Traces, Codes, and Clues: Reading Race in Crime Fiction

Front Cover
Rutgers University Press, 2003 - Literary Criticism - 213 pages
0 Reviews
Since 1975, many white women and people of colour have written works of crime fiction. Readers worldwide clamour for adventures featuring detectives of colour, such as Barbara Neely's Blanche White and Walter Mosley's Easy Rawlins. Mysteries, considered light reading also hold important cultural and social clues. Much contemporary scholarly work has demonstrated that race is both a cultural fiction - not a biological reality - and a central organizing principle of experience. Popular writers are likely to reflect the conventions of their own historical situations.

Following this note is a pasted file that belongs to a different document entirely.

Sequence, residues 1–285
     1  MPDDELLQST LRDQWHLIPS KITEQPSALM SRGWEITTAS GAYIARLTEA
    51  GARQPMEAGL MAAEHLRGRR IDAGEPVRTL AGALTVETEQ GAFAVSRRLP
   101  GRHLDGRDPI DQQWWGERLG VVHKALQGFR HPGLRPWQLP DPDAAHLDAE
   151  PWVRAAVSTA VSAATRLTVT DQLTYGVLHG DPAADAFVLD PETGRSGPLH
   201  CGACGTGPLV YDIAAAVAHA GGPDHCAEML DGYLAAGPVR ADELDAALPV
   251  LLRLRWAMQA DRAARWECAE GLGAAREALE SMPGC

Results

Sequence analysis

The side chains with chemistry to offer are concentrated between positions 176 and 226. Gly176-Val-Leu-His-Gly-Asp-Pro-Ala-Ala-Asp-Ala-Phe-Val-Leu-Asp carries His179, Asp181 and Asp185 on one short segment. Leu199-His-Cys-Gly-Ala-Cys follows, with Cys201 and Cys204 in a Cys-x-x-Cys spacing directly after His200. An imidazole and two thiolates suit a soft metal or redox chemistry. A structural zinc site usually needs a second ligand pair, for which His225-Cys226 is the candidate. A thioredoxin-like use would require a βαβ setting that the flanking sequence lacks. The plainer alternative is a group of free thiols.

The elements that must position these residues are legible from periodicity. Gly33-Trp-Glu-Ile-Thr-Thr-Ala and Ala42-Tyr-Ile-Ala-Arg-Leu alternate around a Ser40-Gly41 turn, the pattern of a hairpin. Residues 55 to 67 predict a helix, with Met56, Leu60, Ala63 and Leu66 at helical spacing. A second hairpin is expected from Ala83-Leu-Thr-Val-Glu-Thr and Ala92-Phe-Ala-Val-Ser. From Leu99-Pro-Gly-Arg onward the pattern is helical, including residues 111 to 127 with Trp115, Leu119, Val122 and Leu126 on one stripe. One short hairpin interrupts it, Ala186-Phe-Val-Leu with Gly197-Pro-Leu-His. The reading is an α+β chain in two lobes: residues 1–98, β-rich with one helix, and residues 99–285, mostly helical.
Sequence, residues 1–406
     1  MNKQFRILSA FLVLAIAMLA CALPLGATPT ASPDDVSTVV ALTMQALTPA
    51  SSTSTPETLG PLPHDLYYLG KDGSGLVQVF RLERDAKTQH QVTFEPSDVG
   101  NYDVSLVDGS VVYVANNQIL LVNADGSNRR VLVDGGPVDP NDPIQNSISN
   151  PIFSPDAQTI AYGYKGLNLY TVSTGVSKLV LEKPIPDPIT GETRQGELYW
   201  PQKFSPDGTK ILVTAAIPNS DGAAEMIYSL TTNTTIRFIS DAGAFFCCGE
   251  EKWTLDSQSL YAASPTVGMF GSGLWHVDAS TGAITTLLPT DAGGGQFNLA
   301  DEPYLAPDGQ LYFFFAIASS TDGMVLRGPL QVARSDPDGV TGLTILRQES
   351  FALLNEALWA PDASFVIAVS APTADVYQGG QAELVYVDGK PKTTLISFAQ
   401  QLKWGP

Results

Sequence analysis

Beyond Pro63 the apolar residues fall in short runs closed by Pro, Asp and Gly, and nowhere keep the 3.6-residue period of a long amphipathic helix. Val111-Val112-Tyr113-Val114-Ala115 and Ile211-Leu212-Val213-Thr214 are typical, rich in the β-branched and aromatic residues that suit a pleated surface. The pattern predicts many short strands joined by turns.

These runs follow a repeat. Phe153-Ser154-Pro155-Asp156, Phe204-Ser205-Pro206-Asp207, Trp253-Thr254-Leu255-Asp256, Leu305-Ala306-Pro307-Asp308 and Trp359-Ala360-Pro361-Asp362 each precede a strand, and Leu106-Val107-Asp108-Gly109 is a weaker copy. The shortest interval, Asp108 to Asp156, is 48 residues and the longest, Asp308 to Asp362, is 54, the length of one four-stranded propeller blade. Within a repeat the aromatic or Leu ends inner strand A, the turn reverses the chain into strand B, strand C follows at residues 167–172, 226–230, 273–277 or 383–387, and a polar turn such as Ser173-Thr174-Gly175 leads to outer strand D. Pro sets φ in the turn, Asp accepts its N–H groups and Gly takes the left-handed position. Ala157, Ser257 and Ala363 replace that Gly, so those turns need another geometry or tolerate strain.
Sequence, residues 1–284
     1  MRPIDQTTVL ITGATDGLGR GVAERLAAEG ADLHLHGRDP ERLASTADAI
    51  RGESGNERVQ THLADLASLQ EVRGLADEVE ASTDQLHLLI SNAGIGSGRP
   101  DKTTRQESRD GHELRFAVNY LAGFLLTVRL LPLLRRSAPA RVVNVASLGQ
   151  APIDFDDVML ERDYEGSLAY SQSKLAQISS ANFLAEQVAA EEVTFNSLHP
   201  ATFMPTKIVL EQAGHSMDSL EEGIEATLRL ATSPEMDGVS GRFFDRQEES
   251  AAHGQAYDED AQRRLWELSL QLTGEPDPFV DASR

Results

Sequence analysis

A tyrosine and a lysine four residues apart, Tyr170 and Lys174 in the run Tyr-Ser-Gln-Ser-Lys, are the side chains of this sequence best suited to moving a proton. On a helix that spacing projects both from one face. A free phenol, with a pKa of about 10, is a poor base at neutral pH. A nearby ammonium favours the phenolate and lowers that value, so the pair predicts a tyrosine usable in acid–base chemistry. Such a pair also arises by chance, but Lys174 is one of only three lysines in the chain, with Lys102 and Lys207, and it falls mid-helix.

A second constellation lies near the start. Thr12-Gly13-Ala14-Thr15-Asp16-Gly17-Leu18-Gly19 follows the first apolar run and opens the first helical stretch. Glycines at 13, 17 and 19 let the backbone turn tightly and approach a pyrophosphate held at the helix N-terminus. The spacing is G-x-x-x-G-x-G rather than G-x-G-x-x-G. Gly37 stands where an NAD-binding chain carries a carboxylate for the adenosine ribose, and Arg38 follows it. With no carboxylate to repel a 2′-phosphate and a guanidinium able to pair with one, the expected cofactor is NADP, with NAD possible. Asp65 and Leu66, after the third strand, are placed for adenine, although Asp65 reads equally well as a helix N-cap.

What people are saying - Write a review

We haven't found any reviews in the usual places.


Cracking Codes
Countering Tradition
Tracing Whiteness
White Readings of Race
Writing the Other

Common terms and phrases

References to this book

All Book Search results »

Bibliographic information